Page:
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No better time than now to pay visit to Disneyland

No better time than now to pay visit to Disneyland

July 10th, 2019 by Los Angeles Times in Features

Opening day crowds at Star Wars: Galaxy's Edge at Disneyland in Anaheim, Calif. on Friday, May 31, 2019. (Hugo Martin/Los Angeles Times/TNS)

LOS ANGELES—Now may be the perfect time to visit Disneyland—as long as you have no interest in checking out the park's Star Wars expansion.

The opening of the much-anticipated 14-acre Star Wars: Galaxy's Edge drew so many visitors since it opened May 31 that it substantially reduced wait times at all the other attractions in the Anaheim theme park.

In the first week after the Star Wars land opened, the wait at all the other park attractions declined to an average of about 14 minutes, down 28% compared with an average of just under 20 minutes in the week before it opened, according to an analysis by the Los Angeles Times based on wait times compiled by the travel site Touring Plans.

When compared with the first full week of June a year earlier, the drop in wait times was even more dramatic, declining 46% from an average of more than 26 minutes, according to the data.

Depending on the ride, Disneyland fans could have saved more than half an hour of wait time by visiting the park when most of the crowds were taking in the new Star Wars land.

For example, the average wait time for Splash Mountain was 53 minutes during the first week of June 2018, according to the Times analysis. After Star Wars: Galaxy's Edge opened, the average wait time for the flume ride dropped to just under 21 minutes.

At Buzz Lightyear, an interactive ride based on the 1995 animated film "Toy Story," the average wait time was slightly more than 29 minutes during the first week of June 2018 but dropped to just under 10 minutes after the opening of the Star Wars land.

At Space Mountain, the average wait time in the first week of June 2018 was about 64 minutes but dropped to slightly under 45 minutes in the week after the Star Wars land opened.

Park visitors noticed the decline in wait times and began touting it on social media in the days after the new expansion opened.

The Times analysis was based on nearly 85,000 wait times posted on the Disneyland website for each ride and collected by Touring Plans. Disney representatives noted that such data do not take into account the wait times for visitors who use the virtual queueing system called FastPass, as well as the wait times for guests who board the rides through the "single rider" lines.

The drop in wait times was a happy side effect to the overwhelming fan excitement over the opening of the $1 billion Star Wars expansion.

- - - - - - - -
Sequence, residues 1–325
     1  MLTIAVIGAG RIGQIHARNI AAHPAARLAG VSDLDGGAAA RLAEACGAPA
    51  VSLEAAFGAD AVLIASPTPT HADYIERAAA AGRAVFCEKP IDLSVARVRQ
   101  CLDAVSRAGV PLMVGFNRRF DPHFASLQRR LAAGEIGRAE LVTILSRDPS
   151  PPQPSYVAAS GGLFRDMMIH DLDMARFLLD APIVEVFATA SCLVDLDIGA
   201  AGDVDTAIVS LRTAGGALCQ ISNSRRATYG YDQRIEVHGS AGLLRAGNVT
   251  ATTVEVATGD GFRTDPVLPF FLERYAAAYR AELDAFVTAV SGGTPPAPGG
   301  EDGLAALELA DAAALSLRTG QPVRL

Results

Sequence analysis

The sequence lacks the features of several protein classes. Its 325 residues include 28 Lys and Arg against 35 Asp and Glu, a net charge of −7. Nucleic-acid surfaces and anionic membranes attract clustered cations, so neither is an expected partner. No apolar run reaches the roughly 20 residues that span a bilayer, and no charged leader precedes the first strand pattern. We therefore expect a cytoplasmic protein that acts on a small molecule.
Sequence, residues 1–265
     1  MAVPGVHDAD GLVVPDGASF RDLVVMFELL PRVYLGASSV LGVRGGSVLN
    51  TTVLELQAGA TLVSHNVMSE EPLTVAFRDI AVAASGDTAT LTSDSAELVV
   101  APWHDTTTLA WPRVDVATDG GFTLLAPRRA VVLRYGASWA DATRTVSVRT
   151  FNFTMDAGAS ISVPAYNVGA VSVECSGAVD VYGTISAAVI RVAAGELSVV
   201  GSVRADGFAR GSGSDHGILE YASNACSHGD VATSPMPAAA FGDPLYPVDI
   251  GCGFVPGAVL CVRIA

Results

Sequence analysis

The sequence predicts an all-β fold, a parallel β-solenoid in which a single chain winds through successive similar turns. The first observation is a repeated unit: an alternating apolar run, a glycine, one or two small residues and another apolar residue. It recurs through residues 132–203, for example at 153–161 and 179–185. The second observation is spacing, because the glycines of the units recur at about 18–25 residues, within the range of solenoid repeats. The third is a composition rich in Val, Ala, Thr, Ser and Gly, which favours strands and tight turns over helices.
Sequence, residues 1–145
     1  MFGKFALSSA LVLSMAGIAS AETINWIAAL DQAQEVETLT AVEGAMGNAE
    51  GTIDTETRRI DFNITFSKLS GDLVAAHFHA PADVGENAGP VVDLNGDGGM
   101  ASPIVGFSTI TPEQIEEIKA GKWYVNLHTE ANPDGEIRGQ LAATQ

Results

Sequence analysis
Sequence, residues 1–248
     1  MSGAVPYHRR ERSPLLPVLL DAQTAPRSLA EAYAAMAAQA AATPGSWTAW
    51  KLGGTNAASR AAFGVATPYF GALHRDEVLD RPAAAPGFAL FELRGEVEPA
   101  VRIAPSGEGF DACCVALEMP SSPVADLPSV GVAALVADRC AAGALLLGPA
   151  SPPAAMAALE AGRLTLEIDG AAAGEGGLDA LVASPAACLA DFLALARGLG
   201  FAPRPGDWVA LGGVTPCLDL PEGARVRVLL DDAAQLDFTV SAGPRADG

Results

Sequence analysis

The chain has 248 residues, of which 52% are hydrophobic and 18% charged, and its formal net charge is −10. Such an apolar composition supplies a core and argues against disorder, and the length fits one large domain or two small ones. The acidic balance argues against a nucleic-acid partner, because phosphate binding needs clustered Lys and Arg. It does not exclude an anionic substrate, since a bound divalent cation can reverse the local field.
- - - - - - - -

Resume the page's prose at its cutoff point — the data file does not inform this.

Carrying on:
Disneyland anticipated so much demand that the park required all visitors to Star Wars: Galaxy's Edge to have reservations during the first three weeks after the opening that limited them to a four-hour window.

The park also adopted a plan, dubbed Project Stardust, that sought to reduce gridlock and choke points by shrinking or eliminating tree and flower planters, moving lines, banning extra-wide strollers and eliminating designated smoking areas, among other changes.

Despite the reservation system at the Star Wars land, Disneyland executives had to adopt a few crowd-control fixes after the opening to handle lines that grew up to two hours long to enter the land's cantina and a shop where visitors can build a custom lightsaber.

The drop in wait times at Disneyland was expected, said Martin Lewison, a theme park expert and business management professor at Farmingdale State College in New York.

When theme parks add new attractions or overhaul aging rides, he said, fans flock to the latest ride, thus reducing the lines at older existing attractions.

"Any major new attraction is going to draw people away from old favorites," he said. "That is the nature of things."

Although the "Star Wars"-themed attraction probably increased overall attendance to the park, the opening of the 14-acre land also expanded the total size of Disneyland by about 20%, giving the normally crowded theme park extra room to absorb more visitors.

"Given that increased capacity, continued investment in Disney California Adventure, and a wide range of new products and offerings, guests are enjoying a great experience throughout the Disneyland Resort," Disneyland spokeswoman Liz Jaeger said.

The new land, the largest single expansion since the opening of Disneyland in 1955, is designed to resemble a remote settlement named Black Spire Outpost on the planet Batuu, occupied by space outlaws, smugglers and rebels battling, or hiding from, the evil Empire.

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